It’s interview season, and you’ve got the wardrobe of a seventh grader getting ready for his choir concert. That’s fine. We’ve all been there. Still, I saw some bold interpretations of business-casual at this semester’s career fair. Let me help you try to put together a little more professional appearance.
The first thing you’ll want to do is actually dress up. Not that anyone showed up naked (which would at least leave an impression), but I definitely saw people in jeans. I’m going to make this as clear as possible in case you were someone wearing jeans to the career fair. Do NOT wear jeans to the career fair. It sends a strong message that you don’t try.
“Well, why do I need to dress up? They won’t care if I wear this to work.” Bless your heart.
Some of you might be going, “Well, why do I need to dress up? They won’t care if I wear this to work.” Bless your heart. Realize that this is not a day on the job. They expect your best. On top of that, most of the people there aren’t members of your field. They’re human resources, and let me tell you this isn’t their first rodeo. They know that how you want to be presented shows how much you want the position. Don’t waste those fine looking points.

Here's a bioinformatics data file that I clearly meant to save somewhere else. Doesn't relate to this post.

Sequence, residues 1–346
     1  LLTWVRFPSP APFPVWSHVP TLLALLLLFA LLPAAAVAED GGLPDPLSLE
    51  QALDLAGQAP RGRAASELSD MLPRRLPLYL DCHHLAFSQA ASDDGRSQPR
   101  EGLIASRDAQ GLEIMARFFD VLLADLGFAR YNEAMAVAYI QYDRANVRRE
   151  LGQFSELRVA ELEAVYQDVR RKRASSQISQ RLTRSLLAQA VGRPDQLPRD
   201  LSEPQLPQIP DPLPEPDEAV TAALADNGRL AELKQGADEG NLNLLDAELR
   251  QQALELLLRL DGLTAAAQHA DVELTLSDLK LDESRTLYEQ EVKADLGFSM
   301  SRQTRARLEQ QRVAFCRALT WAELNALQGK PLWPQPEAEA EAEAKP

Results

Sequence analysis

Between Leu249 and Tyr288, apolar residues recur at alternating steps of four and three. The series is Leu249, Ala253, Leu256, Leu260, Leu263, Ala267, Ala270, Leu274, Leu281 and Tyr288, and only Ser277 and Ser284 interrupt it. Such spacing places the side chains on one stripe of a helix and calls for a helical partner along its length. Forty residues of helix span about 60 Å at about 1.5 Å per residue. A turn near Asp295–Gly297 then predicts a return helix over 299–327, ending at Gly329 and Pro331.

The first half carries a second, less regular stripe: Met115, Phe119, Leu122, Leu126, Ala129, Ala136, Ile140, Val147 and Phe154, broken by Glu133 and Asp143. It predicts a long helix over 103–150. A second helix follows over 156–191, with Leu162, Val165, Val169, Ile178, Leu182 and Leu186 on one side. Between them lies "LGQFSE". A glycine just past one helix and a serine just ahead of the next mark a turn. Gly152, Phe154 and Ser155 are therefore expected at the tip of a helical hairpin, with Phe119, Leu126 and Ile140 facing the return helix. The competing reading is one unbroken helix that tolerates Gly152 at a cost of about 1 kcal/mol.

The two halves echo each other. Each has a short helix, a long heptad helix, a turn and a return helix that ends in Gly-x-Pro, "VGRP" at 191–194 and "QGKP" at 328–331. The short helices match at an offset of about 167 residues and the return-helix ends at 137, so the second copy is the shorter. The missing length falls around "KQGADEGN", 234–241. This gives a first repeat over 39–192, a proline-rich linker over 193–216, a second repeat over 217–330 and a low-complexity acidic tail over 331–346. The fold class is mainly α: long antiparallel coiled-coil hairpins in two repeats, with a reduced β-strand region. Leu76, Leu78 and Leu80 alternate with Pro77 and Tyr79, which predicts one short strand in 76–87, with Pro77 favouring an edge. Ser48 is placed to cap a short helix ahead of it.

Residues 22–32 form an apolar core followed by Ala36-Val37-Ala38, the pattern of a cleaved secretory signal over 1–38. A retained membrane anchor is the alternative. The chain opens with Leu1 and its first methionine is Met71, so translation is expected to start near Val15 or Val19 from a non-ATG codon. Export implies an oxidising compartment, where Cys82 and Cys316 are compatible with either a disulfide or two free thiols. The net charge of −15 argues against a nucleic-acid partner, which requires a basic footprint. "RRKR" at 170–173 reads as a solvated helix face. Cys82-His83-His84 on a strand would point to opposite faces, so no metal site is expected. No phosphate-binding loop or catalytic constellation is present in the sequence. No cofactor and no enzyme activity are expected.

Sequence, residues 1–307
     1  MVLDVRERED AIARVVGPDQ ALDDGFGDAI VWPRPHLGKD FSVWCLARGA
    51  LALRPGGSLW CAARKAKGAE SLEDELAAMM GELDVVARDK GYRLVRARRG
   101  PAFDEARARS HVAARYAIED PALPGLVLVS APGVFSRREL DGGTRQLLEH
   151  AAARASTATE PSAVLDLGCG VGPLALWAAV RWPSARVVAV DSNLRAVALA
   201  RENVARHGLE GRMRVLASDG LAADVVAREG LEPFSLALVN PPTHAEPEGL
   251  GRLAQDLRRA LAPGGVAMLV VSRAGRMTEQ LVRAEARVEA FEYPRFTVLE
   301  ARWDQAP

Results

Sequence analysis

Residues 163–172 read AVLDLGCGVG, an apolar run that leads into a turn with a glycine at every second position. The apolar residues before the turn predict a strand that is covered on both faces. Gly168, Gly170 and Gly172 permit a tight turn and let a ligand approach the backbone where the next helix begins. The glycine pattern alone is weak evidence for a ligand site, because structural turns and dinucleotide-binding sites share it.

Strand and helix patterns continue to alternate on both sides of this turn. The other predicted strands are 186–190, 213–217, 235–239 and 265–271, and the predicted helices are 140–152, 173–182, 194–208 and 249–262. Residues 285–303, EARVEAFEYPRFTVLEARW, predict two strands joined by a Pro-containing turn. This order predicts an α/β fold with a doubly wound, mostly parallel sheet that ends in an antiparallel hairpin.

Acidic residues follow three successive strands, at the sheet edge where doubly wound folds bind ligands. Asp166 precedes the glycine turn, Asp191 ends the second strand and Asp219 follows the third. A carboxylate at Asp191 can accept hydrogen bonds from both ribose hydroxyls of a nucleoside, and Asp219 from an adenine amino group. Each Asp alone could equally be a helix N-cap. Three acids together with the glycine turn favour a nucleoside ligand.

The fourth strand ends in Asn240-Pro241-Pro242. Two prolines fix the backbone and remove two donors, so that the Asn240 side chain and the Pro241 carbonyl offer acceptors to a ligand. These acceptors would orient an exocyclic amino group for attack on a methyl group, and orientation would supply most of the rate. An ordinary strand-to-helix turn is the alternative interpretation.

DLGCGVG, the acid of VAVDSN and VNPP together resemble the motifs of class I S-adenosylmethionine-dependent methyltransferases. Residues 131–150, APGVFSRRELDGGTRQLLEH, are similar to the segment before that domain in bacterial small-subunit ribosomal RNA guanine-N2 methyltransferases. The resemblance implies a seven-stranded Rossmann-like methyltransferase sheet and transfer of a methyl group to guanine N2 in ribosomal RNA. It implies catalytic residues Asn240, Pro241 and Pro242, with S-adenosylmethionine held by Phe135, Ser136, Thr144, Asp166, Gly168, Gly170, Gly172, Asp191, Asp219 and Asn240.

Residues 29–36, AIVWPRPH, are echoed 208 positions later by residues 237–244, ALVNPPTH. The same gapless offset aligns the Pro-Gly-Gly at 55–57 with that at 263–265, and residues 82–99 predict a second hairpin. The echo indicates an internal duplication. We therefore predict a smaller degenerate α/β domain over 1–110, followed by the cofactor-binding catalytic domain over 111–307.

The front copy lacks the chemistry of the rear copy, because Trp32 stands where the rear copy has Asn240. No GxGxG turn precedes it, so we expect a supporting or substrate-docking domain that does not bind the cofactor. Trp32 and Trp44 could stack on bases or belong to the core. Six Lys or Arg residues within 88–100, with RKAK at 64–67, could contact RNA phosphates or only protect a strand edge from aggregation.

You’ll also want to do yourself a favor and not meander too obviously. If you look like you don’t know what you’re doing, employers will think you don’t know what you’re doing. That’s not the impression you want to make before you’ve even made eye contact.
You’re not a confused college student. You’re a hunter. You’re in the brush.
Move with purpose. You’re not a confused college student. You’re a hunter. You’re in the brush. You’re on the hunt. The job hunt. You aren’t just stumbling onto an opportunity. You’re tracking it, through thick and thin and dirt and s—. Get all primal on those guys. You’ve got value, and they’re going to see it. You’ve just got to jam it down their throats.
There is one tip I can give you that is more important than the rest, one that will keep you from tanking a potential job offer. If you are going to put your position with your school’s newspaper on your resume, do not, under ANY circumstances, swear in an article.